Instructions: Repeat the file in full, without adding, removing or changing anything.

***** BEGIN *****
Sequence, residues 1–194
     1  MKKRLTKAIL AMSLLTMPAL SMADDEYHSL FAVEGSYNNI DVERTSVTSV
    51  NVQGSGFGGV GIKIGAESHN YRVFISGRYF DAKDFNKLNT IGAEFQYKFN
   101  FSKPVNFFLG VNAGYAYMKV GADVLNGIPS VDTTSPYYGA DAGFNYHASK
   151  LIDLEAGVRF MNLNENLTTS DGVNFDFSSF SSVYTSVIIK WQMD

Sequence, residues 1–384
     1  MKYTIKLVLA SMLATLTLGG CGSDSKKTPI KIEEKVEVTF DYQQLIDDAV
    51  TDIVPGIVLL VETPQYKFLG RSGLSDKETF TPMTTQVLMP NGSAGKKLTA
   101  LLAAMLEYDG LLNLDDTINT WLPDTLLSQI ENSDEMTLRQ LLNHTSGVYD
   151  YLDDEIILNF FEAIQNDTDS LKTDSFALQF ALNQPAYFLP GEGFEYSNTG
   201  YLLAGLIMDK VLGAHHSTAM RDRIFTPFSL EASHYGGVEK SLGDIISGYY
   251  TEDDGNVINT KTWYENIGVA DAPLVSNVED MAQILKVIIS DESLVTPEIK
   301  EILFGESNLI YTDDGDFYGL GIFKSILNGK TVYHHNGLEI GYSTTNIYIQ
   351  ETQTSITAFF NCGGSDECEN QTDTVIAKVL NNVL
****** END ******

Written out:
Sequence, residues 1–194
     1  MKKRLTKAIL AMSLLTMPAL SMADDEYHSL FAVEGSYNNI DVERTSVTSV
    51  NVQGSGFGGV GIKIGAESHN YRVFISGRYF DAKDFNKLNT IGAEFQYKFN
   101  FSKPVNFFLG VNAGYAYMKV GADVLNGIPS VDTTSPYYGA DAGFNYHASK
   151  LIDLEAGVRF MNLNENLTTS DGVNFDFSSF SSVYTSVIIK WQMD

Sequence, residues 1–384
     1  MKYTIKLVLA SMLATLTLGG CGSDSKKTPI KIEEKVEVTF DYQQLIDDAV
    51  TDIVPGIVLL VETPQYKFLG RSGLSDKETF TPMTTQVLMP NGSAGKKLTA
   101  LLAAMLEYDG LLNLDDTINT WLPDTLLSQI ENSDEMTLRQ LLNHTSGVYD
   151  YLDDEIILNF FEAIQNDTDS LKTDSFALQF ALNQPAYFLP GEGFEYSNTG
   201  YLLAGLIMDK VLGAHHSTAM RDRIFTPFSL EASHYGGVEK SLGDIISGYY
   251  TEDDGNVINT KTWYENIGVA DAPLVSNVED MAQILKVIIS DESLVTPEIK
   301  EILFGESNLI YTDDGDFYGL GIFKSILNGK TVYHHNGLEI GYSTTNIYIQ
   351  ETQTSITAFF NCGGSDECEN QTDTVIAKVL NNVL